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Rationality of Various Worldviews

Guest Column
Brian A. Bucher

In the October 5th issue of The Tech, Matt Craighead wrote an article entitled “Religion is to Blame,” in which he makes several sweeping and unsupported assertions about the irrational nature of religion and how “belief in any sacred religious text will undoubtedly lead to evil.” I must say that I was both saddened and amused by his article -- saddened because of his poor portrayal of the Christian faith in particular, which I take as being made in ignorance and not willful misrepresentation, and amused because of his attempt to characterize the theistic religions as not reasonable while arguing from the atheistic worldview. What I would like to do is briefly address his assertion that all faith (and specifically, biblical faith) is “the opposite of reason” and examine his implied claim that atheism is rationally superior. I do not feel qualified to speak for Islam or other religions, so my comments might accurately reflect only the Christian worldview.

Contrary to Mr. Craighead’s assertions, the essence of biblical Christianity is not faith in an unknowable God, but a God who can be known through self-revelation and a personal relationship. This biblical faith, of course, walks hand-in-hand with reason, and not against it. While not all Christians exemplify the model, nevertheless the model remains that Christianity is an intellectually robust belief system. “Faith” based on nothing and against the evidence is simply illusory or self-deception. Perhaps Mr. Craighead’s faith is the opposite of reason, but biblical faith certainly is not. And it is this issue of Mr. Craighead’s (and others) atheistic faith, so to speak, that I would like to examine. While reading his article I found that two of his comments stood out. First, in regards to faith he says that “man is controlled by destiny and not by his own free will,” and second, “faith leads to ruin ... by eliminating the capacity for independent judgment.” What I find amusing is that he applies these statements to theistic, religious faith when they more properly belong to his own atheism. Now, I don’t think for a moment that the reader will blindly accept my assertion over Mr. Craighead’s, so I’ll explain why I believe this is the case.

A generally accepted foundational belief of atheism is that the natural world is all that exists and man is the product of naturalistic evolution. As Carl Sagan said, “The Cosmos is all that is, or ever was, or ever will be.” All that exists is matter and energy, and is described by some completed form of physics. We may not yet know what this physics consists of, but with each scientific advance we move closer to this final form. God does not exist, miracles are not possible, and people are physical beings without an immaterial soul. Now, if man is purely physical, and all matter and energy acts according to the laws of physics, then it follows that man acts according to the laws of physics. This is determinism. “Free will” on this view is illusory. To quote Mr. Craighead, “man is controlled by destiny and not by his own free will.” We are destined to believe what we believe, not because we evaluated evidence and came to a decision by using our cognitive faculties, but because as biochemical machines we act according to the laws of physics. Our “beliefs” are truly just the result of chemical reactions, no more “rational” that A plus B yields C plus D. But if we are not self-determined and cannot use our cognitive faculties to evaluate evidence, we are, by definition, not rational. By “eliminating the capacity for independent judgment,” atheism fails to meet this necessary criterion for rationality. Since all beliefs formed on this belief system are irrational, belief in atheism is as well. The conclusion to be drawn is that belief in atheism undercuts itself and is rendered irrational.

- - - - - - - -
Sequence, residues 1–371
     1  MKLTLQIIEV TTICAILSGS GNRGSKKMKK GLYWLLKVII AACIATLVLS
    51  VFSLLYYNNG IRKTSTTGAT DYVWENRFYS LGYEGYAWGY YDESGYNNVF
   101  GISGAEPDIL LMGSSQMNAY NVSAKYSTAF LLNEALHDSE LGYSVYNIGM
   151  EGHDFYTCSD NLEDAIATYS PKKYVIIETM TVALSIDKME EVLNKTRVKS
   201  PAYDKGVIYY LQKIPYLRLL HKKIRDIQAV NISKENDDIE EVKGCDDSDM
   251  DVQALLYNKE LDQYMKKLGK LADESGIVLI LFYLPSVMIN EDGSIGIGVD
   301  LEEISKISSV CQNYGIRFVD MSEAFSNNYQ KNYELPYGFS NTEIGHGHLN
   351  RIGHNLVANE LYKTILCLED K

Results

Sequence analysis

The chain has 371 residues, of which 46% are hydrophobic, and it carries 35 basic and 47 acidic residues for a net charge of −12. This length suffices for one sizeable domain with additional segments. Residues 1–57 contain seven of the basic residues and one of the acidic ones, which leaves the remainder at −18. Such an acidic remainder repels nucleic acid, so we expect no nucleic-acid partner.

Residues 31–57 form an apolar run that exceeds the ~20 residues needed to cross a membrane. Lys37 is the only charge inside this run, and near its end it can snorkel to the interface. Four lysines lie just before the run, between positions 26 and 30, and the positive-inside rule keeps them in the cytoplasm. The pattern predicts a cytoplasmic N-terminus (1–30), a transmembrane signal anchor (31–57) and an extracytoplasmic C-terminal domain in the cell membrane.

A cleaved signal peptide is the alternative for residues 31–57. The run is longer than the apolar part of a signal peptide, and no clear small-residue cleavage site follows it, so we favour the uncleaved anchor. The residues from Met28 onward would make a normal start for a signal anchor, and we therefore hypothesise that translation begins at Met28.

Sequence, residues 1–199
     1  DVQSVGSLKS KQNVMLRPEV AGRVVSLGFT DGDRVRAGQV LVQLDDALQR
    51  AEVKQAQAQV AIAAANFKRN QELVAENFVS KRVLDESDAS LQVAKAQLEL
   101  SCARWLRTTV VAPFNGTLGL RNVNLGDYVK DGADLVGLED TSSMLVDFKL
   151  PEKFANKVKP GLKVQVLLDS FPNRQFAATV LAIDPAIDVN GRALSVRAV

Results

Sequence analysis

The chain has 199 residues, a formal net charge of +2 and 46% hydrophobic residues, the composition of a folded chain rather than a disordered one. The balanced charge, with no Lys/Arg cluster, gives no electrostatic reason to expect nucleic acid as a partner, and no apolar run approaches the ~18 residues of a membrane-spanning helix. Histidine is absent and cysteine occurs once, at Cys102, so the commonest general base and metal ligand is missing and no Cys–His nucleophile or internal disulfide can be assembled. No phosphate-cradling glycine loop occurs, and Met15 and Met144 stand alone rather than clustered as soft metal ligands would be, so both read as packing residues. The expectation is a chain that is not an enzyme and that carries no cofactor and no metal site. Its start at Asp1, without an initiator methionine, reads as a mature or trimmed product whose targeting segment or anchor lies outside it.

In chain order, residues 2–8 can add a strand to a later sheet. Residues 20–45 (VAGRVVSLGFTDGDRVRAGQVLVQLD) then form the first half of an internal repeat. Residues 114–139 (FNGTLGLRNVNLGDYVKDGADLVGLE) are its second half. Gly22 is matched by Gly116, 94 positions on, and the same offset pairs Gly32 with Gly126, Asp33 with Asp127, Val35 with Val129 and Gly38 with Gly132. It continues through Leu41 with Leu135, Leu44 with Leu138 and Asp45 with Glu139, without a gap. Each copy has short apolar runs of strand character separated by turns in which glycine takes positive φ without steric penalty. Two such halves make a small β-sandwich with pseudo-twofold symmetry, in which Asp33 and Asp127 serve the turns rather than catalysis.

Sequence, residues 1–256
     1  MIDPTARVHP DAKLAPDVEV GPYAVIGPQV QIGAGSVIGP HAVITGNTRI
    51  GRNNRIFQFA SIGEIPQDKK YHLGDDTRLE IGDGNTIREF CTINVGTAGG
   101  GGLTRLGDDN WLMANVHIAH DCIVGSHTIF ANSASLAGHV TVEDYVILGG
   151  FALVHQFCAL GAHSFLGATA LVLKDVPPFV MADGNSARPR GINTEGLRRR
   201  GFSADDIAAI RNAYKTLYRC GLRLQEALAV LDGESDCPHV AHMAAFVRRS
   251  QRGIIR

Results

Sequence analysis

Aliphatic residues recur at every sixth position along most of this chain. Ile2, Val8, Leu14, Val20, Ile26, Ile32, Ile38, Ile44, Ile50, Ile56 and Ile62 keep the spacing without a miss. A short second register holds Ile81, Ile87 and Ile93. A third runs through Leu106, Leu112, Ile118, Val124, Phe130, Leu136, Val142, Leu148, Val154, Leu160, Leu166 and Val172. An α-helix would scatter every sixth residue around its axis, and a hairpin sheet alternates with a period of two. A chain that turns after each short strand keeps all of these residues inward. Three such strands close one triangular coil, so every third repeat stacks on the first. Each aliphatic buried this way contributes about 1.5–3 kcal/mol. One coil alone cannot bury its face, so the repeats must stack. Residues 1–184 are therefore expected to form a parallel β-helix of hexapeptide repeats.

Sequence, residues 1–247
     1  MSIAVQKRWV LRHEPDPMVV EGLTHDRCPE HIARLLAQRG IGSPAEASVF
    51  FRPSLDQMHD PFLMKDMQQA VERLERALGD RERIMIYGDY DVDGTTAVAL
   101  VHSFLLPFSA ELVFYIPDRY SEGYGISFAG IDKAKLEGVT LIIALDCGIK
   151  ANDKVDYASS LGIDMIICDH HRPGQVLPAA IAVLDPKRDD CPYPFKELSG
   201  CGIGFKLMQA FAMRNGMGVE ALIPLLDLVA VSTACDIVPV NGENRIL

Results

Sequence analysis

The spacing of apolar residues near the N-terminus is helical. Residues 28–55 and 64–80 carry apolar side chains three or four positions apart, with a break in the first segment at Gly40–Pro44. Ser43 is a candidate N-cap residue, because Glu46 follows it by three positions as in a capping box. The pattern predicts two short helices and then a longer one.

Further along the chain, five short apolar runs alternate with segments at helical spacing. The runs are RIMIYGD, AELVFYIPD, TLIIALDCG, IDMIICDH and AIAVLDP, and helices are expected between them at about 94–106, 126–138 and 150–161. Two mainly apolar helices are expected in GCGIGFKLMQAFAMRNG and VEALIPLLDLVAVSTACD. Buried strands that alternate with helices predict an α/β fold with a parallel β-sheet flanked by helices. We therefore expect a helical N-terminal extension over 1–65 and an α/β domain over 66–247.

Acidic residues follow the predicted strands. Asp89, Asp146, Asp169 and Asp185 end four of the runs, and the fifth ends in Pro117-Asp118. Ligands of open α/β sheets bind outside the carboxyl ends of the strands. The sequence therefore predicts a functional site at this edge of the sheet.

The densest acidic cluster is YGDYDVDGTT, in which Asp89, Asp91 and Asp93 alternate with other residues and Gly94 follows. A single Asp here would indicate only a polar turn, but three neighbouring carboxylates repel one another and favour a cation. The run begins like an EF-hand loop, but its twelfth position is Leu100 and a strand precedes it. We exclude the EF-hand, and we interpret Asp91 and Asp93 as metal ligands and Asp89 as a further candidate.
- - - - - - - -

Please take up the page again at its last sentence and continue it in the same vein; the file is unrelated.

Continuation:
As a side note, appealing to the indeterminacy of quantum mechanics does not help the atheistic cause. Even if we grant that this indeterminacy is ontological (real) and not just epistemological (indeterminate because we can’t predict given insufficient knowledge), we are left with man being ultimately indetermined, not self-determined, and self-determination is required for rationality.

Of course, Mr. Craighead can appeal to his own ‘faith’ at this point. If he chooses to simply believe that he is self-determined even in the face of a deterministic universe, he is free to do so. Unfortunately for him, this would require the very blind faith he castigates religions for. From my perspective, until Mr. Craighead can supply adequate justification his belief that he is a free agent capable of rational thought, he may want to reconsider his attacks on the rationality of religious belief systems which do supply such justification.

Brian A. Bucher graduated in 1999 with a Master’s Degree in Chemical Engineering.